In a form of literary payback, the bad guys in some of his early novels were heterosexual (a pattern he would later break). His gay characters were often witty and entertaining and found themselves in zany situations; they were also complex, empathetic and made mistakes.

“Don Strachey is a more ebullient character than Joseph Hansen’s Dave Brandstetter, and Mr. Stevenson has the skill to make him and the other characters in the novel thoroughly realized characters,” The New York Times Book Review said of “On the Other Hand, Death” (1984). “Skillful plotting carries the reader straight along. Highly recommended.”

Richard Stevenson Lipez was born on Nov. 30, 1938, in Lock Haven, Pa., a small town in the rural central part of the state. His mother, Helen (Seltzer) Lipez, was a homemaker. His father, Harris Lipez, co-founded a radio station, WBPZ, in Lock Haven in 1947 and became its manager as well as a prominent sportscaster. In high school, Dick ran a weekly jazz show at the station.

He attended Lock Haven State College, now Lock Haven University, where he majored in English and graduated in 1960. He started graduate studies in American literature at Pennsylvania State University but left to join the Peace Corps in 1962.

He taught English language and composition to students in Ethiopia, then moved to Washington, where he evaluated Peace Corps programs.

In 1968, Mr. Lipez married Hedy Harris, whom he had met in the Peace Corps, and they moved to Massachusetts, settling in the Berkshires. He became executive director of an anti-poverty agency and devoted himself to progressive causes; she became a nurse and was involved in several health and social service organizations. They divorced in 1995. She died in January.

Mr. Lipez and Mr. Wheaton met in 1990, when Mr. Wheaton was running a catering business and a restaurant, La Fête Chez Vous, in Stockbridge, Mass.; the eatery had previously been called the Back Room, the restaurant made famous by Arlo Guthrie’s 1967 song “Alice’s Restaurant.”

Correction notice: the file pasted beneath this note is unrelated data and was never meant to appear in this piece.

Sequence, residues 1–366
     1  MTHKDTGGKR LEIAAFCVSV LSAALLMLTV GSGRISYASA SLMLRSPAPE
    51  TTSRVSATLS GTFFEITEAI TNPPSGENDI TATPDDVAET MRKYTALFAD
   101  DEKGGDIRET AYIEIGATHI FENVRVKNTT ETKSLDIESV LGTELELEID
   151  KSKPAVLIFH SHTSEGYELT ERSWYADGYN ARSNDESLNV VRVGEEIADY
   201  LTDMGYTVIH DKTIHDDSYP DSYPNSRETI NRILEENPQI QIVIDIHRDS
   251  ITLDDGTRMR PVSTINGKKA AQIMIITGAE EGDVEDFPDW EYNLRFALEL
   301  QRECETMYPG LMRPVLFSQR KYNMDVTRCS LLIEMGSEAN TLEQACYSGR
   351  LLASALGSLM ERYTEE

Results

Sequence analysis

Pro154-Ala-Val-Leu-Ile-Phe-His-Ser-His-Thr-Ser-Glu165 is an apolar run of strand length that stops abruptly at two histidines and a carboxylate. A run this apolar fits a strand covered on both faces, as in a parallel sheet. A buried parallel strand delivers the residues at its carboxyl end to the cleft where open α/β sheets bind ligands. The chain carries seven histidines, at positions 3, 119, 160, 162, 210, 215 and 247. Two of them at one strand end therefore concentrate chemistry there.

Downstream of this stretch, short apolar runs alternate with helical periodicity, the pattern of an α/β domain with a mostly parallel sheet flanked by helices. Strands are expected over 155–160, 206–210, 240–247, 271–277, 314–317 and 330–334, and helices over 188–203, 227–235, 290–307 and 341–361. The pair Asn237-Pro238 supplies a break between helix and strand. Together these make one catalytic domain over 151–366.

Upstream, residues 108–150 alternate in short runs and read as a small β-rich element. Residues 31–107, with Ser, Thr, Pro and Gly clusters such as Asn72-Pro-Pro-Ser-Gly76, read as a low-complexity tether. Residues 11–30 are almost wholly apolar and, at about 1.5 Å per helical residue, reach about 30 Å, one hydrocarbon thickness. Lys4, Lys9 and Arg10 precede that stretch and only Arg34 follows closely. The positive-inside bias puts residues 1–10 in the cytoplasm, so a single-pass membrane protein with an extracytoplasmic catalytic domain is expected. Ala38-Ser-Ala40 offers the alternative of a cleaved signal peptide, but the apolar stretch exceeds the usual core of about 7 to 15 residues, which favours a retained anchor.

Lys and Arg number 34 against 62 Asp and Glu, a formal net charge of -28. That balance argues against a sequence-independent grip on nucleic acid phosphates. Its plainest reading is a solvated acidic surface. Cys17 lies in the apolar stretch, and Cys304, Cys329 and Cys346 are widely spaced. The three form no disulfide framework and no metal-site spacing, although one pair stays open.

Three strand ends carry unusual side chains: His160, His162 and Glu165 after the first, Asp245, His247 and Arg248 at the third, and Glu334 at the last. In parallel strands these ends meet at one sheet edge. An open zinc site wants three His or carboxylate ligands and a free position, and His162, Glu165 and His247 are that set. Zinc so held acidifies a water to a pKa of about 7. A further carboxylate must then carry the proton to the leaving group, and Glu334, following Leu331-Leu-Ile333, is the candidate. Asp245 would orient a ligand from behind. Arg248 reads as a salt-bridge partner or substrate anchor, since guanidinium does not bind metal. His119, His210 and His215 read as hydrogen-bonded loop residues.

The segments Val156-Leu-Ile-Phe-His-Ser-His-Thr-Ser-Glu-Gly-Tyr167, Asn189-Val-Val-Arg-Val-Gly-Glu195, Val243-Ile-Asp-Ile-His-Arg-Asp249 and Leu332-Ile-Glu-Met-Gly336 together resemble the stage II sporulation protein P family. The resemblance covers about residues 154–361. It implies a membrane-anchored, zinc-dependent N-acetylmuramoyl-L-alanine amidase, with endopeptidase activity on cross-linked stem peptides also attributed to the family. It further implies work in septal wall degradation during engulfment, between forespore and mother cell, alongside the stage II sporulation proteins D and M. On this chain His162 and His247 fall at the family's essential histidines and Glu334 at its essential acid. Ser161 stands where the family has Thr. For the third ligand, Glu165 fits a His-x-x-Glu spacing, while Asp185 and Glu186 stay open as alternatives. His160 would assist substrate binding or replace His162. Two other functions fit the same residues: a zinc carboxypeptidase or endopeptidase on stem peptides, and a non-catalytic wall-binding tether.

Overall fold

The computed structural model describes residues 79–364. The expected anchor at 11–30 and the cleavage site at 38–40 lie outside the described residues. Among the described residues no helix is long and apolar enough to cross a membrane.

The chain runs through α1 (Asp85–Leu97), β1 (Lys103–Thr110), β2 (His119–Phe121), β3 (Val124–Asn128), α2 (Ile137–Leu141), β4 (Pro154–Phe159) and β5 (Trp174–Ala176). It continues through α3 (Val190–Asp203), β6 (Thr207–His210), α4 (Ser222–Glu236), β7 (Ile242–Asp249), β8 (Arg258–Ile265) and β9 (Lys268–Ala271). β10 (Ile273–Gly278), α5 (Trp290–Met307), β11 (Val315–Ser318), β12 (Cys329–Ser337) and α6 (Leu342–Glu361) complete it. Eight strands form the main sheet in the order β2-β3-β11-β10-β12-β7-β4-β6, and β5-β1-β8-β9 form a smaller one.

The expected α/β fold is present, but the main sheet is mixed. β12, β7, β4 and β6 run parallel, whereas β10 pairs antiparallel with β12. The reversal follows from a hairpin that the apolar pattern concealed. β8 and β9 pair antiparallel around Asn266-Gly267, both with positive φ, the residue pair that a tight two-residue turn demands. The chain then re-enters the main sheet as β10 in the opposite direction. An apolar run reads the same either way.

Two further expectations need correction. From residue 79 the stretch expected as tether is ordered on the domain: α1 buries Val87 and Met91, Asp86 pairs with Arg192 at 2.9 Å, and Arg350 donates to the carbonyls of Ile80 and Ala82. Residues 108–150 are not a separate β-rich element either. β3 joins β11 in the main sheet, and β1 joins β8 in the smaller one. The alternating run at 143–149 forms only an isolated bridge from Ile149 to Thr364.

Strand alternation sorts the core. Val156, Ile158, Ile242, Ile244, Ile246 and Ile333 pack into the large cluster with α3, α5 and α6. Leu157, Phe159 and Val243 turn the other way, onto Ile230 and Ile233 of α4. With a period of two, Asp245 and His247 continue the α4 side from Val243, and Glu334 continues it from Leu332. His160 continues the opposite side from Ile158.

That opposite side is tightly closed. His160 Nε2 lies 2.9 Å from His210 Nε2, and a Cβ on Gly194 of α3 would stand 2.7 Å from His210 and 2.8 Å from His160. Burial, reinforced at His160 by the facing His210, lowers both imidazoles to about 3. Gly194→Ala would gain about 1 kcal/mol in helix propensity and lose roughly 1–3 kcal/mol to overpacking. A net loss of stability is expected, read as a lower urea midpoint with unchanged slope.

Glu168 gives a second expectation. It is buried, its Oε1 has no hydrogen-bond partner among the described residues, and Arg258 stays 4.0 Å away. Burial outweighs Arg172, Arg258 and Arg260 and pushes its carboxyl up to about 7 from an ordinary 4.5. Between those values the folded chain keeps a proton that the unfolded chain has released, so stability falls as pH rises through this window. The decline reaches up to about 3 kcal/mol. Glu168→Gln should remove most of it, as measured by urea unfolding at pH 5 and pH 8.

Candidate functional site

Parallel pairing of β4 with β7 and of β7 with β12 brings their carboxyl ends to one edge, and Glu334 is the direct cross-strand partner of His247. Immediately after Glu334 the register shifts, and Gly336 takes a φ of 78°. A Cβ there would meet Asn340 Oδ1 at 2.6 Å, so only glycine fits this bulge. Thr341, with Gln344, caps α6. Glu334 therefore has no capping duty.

Mr. Lipez and Mr. Wheaton were among more than 70 same-sex couples who were married in towns across Massachusetts on May 17, 2004, the day the state became the first in the country to permit same-sex marriage.

In addition to Mr. Wheaton, who is now a visual artist, Mr. Lipez is survived by a daughter, Sydney Lipez; a son, Zachary; a brother, John; and a sister, Kathy Conklin.

Mr. Lipez wrote book reviews for Newsday in addition to The Washington Post, as well as editorials for The Berkshire Eagle and articles for Harpers, The Atlantic and Newsweek.

His first novel, “Grand Scam” (1979), which he wrote with Peter Stein and which was not part of the Strachey series, was the only one in which he used the name Lipez. Some of his Strachey novels were adapted into films for the gay cable channel Here!, but Mr. Lipez often said he was not especially happy with them.

The Strachey series is being republished by ReQueered Tales, a publisher trying to preserve the literary heritage of the L.G.B.T.Q. community. Two new books are being published posthumously: “Knock Off the Hat,” a non-Strachey crime novel about a wave of gay-bashing in 1940s Philadelphia; and his 17th Strachey novel, “Chasing Rembrandt.”

Katharine Q. “Kit” Seelye is a Times obituary writer. She was previously the paper’s New England bureau chief, based in Boston. She worked in The Times’s Washington bureau for 12 years, has covered six presidential campaigns and pioneered The Times’s online coverage of politics. @kseelye